Re: WIT finances
Seán Ó Foghlú (Secretary General, Department of Education and Skills); Tom Boland (Chief Executive Officer, Higher Education Authority); Professor Willie Donnelly (President, Waterford Institute of Technology); John Burke (Principal Officer, Department of Public Expenditure and Reform) called and examined.
PAC Meeting | Jan 29, 2015
Chairman (Deputy John McGuinness): The financial statements from the City of Dublin Vocational Education Committee are accompanied by a lengthy note which I ask Mr. McCarthy to explain.
Mr. Seamus McCarthy (Comptroller and Auditor General): What I was drawing attention to in the audit opinion was the disclosure by the City of Dublin Education and Training Board, CDETB, as it is now known, that there had been an overpayment totalling about €4 million in student grants, including maintenance grants. There are a couple of elements making up this overpayment. Approximately €1.9 million was paid in maintenance grants to students already in receipt of the back to education allowance. Where a student receives the back to education allowance, he or she is not entitled to receive grant payments. In addition, €653,000 was paid in fee grants to postgraduate students to which they were not entitled, while €1.2 million was paid in fees and maintenance grants to students who did not have citizenship eligibility. There was a figure of €310,000 identified which was paid in respect of students who were initially eligible, but the money was an overpayment because they were not attending their course or withdrew from it.
Chairman: Given the degree of scrutiny to which applicants are subject to obtain a grant from Student Universal Support Ireland, SUSI, and the hassle involved in terms of bureaucracy, it is staggering that this has occurred. It shows a complete lack of proper administration procedures.
Deputy John Deasy: Where do oversight and audit start and finish in City of Dublin VEC? What steps need to be taken in any regular audit or accounting of what a VEC does and where it dispenses money? Does it deal with these matters internally and does this subsequently work its way up to the Department of Education and Skills? How does the system work and how should it work? How did this issue get so badly out of control?
Mr. Seamus McCarthy: To put it in context, the figure works out at approximately 2.6% of the total amount the VEC paid out. Obviously, it is a complex system of payment. The controls are exclusively within Student Universal Support Ireland and the City of Dublin Education and Training Board and subject to audit by us. The CDETB would also have its own internal audit unit which would check these matters. The payment of €1.9 million to individuals in receipt of the back to education allowance would have come to light when the CDETB received a set of data from the Department of Social Protection which threw up this anomaly when it was matched with its own data set.
Deputy John Deasy: That was after the fact.
Mr. Seamus McCarthy: Yes.
Deputy John Deasy: The education and training board had its own internal auditors who waited for the Department of Social Protection to provide a data set. How did the disbursement of this money go so badly wrong when clear rules apply to students who are in receipt of the back to education allowance in receiving a maintenance grant?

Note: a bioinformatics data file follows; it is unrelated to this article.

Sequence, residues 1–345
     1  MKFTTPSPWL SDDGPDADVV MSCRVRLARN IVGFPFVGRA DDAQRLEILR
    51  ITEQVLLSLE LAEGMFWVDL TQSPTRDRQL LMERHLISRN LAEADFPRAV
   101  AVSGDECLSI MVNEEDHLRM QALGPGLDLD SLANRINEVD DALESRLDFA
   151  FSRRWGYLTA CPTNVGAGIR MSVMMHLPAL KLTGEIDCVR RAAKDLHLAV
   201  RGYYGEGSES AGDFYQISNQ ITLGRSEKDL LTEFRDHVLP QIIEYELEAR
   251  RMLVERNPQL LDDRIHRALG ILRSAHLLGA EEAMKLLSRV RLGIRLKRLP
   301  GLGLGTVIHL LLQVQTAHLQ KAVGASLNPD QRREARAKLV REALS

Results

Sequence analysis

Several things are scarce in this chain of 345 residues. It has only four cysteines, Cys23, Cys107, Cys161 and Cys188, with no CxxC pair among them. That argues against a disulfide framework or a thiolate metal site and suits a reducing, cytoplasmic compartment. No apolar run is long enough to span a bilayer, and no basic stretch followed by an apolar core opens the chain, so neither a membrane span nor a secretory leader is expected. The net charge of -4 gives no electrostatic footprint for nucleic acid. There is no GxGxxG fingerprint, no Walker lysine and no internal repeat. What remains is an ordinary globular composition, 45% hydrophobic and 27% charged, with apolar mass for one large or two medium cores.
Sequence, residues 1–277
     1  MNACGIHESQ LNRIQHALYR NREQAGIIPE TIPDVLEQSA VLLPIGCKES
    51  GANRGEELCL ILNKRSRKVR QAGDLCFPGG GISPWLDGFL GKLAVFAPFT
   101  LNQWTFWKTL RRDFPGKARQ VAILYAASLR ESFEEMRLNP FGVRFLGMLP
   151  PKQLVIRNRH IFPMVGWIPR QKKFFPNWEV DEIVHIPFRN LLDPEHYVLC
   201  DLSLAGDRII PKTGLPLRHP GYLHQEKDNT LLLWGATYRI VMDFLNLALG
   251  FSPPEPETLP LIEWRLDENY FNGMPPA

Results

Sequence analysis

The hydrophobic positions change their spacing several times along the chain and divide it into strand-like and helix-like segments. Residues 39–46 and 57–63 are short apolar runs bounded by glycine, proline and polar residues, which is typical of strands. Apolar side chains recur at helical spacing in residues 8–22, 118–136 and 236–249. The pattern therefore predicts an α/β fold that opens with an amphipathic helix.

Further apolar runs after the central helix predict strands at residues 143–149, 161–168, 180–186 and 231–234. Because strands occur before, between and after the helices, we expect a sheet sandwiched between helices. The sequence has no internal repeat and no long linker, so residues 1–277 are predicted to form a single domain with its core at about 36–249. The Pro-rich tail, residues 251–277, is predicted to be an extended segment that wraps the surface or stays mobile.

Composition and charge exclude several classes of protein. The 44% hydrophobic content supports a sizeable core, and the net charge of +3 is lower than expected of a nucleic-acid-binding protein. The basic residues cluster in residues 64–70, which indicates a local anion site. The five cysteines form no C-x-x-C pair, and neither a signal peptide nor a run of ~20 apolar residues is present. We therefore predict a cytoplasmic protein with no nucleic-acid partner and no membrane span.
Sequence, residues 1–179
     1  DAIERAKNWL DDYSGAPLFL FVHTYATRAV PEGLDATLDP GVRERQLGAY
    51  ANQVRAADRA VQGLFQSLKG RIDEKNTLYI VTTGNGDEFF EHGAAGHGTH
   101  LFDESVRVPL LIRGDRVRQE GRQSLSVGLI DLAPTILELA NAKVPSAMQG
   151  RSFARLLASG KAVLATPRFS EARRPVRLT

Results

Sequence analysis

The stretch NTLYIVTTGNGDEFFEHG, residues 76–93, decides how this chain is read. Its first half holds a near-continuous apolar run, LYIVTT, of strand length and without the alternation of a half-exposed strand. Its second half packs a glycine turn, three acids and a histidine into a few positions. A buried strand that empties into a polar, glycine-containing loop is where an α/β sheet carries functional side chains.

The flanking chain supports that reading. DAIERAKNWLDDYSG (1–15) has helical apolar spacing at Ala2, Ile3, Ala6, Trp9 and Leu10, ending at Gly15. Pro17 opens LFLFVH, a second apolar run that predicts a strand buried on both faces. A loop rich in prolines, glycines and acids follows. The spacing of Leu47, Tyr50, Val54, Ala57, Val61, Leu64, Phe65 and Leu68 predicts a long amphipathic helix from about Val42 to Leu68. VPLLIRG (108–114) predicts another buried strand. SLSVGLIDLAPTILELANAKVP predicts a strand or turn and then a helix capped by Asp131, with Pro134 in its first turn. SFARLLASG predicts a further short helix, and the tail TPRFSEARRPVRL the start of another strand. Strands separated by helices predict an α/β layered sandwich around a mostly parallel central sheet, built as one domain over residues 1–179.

Mr. Seamus McCarthy: Somebody who submitted an application may have overlooked to tell VEC that he or she was already in receipt of the back to education allowance.
Deputy John Deasy: Overlooked is a-----
Mr. Seamus McCarthy: I have to be careful in the case of individuals.
Deputy John Deasy: We all deal with people who receive payments from the Department of Social Protection, including some who are liberal with the truth when it comes to payments. That is fine because we usually sort out these things with the Department and the individuals in question. However, the rate of overpayment is high.
Mr. Seamus McCarthy: A difficulty also arose because there was a change of policy in this area. Some people who were in receipt of the back to education allowance and already in receipt of grants and who were, for instance, entering their second or third year of a course would have been entitled to retain the allowance and receive grant assistance. This changed with effect, I believe, from the 2012-13 year of account.
One of the issues when the SUSI system was put in place was the potential for it to get that information from the Department of Social Protection in advance of making the awards, but it did not have that system in place. It is in place now. It is unlikely that particular aspect of it would have been repeated.
I should say I have a special report coming out - it is due to be finished this week - in relation to the development of SUSI and the bedding down of it. That will be coming before the committee in due course.
Deputy John Deasy: It was €4 million altogether.
Mr. Seamus McCarthy: Some €4 million in total.
Deputy John Deasy: What happens now with regard to the moneys that were given out erroneously? In some cases incorrect information was supplied. What are the consequences?
Mr. Seamus McCarthy: I think discussions are still ongoing between the CDETB and the Department in relation to whether or not moneys will have to be recovered from students who were overpaid or in respect of whom overpayments were made. In relation to the payments where students withdrew, I think they are seeking to recover that money.
Deputy John Deasy: In the normal course of what I do every day, I deal with many people on issues with the Department of Social Protection. It is par for the course that somebody who is overpaid will be asked to pay the money back. One would expect that to be the case in this situation also.
Mr. Seamus McCarthy: I would expect that in any situation where there is a payment made to which somebody is not entitled, the public body would seek to recover it.